Uncannily resembling an early work of outsider art, Head Gamekeeper D. Green’s “scare-fox” was an altogether utilitarian contraption, devised to send foxes fleeing from his Herefordshire game preserve’s pheasant field. Shutters driven by a clockwork mechanism sent light flashing from three sides of the crude box, while its fourth side bore a badly painted caricature of a human face. Before the “scare-fox”, Green would burn fires at night to keep the foxes from the pheasants, “and even after that used to lose some”. He was certain that two scare-foxes set up in any field or wood would keep the predators away, and had plans to make one with glass sides and bells timed to ring with the shutters.
Lawyer, editor, and indefatigable leader of the “More Game” movement in America, Dwight W. Huntington published this photograph of the scare-fox in Our Wild Fowl and Waders (1910) as part of his campaign to raise American awareness of the devastating depredations caused by “vermin”: a word that Americans used largely to refer to bed lice, but which in British gamekeeping circles had long been applied to any animal — from foxes, weasels, snakes, and stoats to rats, moles, and even shrews — that competed with hunters. Enthusiastically introducing the term in his March 1908 Independent “Game Bird Enemies”, Huntington would routinely employ it for the next three decades while cheerleading for “MORE GAME AND FEWER GAME LAWS”. Two journals he edited — Amateur Sportsman (1909–1912) and The Game Breeder (1912 –1938) — are a unique chronicle of the antagonistic reactions of hunters and “shooters” (waterfowl and other bird gunners) to the early twentieth century growth of the wildlife conservation movement. While Audubon Societies and kindred organizations lobbied legislatures to protect mammals and birds from destruction by both hunters and habitat loss, the Game Conservation Society (founded by Huntington in 1912) marshaled a nationwide campaign to stymie the “naturalists”: his generic and largely derogatory label for all of those who impinged on his dream of making America the world’s leading producer of game animals.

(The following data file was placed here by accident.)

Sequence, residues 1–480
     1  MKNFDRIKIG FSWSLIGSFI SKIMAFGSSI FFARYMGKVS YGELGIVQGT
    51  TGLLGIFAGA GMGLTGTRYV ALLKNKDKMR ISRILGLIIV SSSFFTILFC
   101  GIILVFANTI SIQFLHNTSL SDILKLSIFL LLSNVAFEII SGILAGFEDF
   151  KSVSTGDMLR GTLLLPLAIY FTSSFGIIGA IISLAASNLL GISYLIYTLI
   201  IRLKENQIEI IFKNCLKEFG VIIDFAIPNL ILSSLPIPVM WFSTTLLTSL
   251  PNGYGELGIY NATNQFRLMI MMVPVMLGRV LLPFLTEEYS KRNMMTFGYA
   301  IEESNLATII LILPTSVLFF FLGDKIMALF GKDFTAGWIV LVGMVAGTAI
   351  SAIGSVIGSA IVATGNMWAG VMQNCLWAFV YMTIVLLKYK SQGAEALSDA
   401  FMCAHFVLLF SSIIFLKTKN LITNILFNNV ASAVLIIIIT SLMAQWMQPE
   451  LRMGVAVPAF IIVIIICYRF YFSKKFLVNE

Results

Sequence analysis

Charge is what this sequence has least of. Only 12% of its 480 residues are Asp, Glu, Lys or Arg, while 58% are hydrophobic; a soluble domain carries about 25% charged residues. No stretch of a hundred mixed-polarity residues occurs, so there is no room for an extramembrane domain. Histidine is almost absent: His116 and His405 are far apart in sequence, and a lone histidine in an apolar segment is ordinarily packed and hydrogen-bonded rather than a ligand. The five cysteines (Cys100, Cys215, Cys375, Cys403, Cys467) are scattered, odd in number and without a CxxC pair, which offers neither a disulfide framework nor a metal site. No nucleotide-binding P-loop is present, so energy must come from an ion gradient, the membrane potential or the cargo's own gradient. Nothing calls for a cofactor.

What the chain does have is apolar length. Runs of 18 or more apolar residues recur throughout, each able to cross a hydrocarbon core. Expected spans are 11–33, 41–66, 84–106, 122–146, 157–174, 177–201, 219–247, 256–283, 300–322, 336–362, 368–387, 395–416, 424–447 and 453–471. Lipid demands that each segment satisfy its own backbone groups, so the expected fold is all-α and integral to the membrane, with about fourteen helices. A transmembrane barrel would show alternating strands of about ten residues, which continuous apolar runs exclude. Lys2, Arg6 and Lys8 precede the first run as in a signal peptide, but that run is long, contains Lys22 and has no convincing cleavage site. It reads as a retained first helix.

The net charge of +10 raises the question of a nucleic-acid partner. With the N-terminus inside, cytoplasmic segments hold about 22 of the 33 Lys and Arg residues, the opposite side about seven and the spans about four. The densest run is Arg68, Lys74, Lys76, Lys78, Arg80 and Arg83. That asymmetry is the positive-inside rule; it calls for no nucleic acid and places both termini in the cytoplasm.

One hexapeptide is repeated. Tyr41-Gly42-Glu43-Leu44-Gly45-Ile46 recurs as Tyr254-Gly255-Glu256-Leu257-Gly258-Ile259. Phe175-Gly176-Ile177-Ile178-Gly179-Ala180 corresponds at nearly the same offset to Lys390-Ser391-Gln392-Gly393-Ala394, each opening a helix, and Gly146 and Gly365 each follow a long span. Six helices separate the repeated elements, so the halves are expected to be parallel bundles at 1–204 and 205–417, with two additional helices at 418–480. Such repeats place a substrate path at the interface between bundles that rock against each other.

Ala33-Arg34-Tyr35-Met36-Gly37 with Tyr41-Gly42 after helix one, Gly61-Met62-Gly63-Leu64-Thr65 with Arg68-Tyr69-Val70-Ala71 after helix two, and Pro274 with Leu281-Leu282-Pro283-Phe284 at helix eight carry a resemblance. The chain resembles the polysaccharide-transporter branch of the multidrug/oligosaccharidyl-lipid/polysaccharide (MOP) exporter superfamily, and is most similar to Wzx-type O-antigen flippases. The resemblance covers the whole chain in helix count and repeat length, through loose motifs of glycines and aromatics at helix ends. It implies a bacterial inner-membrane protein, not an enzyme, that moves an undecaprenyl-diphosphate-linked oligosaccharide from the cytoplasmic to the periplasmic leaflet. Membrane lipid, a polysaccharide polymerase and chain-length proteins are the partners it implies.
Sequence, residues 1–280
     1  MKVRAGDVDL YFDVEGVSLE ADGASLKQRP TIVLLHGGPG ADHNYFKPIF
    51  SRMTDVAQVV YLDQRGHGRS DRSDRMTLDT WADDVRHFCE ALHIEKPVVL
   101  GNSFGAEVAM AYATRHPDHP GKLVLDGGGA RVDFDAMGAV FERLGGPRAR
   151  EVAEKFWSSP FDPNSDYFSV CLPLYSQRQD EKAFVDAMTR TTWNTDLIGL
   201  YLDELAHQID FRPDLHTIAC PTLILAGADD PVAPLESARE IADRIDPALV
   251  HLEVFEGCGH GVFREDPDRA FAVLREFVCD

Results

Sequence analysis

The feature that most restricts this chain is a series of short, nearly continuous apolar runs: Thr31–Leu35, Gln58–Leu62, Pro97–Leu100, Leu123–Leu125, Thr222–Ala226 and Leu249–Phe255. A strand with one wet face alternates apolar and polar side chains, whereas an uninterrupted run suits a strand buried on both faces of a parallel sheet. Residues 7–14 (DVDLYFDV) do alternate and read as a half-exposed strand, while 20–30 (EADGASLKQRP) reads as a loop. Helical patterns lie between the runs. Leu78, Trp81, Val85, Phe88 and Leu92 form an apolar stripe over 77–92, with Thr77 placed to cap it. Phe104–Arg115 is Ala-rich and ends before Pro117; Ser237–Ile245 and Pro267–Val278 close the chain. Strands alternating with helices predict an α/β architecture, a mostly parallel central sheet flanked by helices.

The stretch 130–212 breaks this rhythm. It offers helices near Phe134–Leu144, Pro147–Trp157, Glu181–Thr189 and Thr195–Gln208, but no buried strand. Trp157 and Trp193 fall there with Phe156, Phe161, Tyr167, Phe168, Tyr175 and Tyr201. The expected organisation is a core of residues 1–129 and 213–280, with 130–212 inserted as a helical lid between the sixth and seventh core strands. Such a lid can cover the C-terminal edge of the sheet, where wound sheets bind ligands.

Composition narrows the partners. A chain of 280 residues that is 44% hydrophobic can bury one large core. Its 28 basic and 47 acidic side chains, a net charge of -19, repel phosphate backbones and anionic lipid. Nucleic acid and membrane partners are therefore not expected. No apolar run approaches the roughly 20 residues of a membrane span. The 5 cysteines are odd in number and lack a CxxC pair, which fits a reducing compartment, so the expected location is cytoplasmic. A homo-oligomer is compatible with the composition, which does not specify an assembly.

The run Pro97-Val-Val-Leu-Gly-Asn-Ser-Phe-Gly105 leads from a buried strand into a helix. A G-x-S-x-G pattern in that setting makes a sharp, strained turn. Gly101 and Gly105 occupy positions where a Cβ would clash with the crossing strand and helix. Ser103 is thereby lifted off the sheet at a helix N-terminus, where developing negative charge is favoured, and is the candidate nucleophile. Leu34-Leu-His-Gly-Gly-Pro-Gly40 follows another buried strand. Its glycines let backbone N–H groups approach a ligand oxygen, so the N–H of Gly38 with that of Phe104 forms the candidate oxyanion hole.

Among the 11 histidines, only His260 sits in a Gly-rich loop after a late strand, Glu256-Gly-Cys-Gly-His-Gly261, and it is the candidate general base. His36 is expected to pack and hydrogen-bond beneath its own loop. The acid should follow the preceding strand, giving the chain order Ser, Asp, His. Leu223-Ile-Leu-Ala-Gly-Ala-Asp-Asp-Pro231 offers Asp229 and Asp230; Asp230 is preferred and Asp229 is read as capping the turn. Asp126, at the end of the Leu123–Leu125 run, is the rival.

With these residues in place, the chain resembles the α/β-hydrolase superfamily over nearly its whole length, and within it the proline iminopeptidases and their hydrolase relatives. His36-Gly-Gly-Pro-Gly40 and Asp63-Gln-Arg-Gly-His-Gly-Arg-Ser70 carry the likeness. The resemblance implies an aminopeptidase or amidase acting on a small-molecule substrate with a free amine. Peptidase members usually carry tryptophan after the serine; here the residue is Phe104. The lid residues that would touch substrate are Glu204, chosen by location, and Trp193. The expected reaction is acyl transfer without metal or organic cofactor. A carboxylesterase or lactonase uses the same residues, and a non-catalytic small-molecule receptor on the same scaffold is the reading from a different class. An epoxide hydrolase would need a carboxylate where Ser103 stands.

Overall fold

Having long held pride of place as the chief nemesis of game keepers and bird hunters, “Reynard” — the red fox, Vulpes vulpes, a circumpolar predator universally known as the most catlike of the canids — exercised Huntington’s ire more than any other vermin. Conceding that “I enjoy seeing an occasional sly fox about”, Huntington happily reported his own and others’ fox shooting exploits, including the Middle Island Club of Long Island’s outing to celebrate a worthy member’s eighty-second birthday, during which they killed a number of foxes:
From the time the first hound gave tongue Mr. Reynard was on his way. Oh, such music on a sharp, still and pretty morning can only be appreciated by those who know! Well, after chasing this cunning cuss for more than an hour, he was finally headed off by our young member, Mr. Howard Voorhies, who registered his first kill, and arrangements were made to have the pelt tanned and incidentally to decorate the cozy home in Brooklyn.
Like that macabre scare-fox, such accounts sit uneasily for us fox-admiring moderns, who are more likely to find sympathy with Oscar Wilde’s delicious declaration that fox-hunting was “the unspeakable in full pursuit of the uneatable”.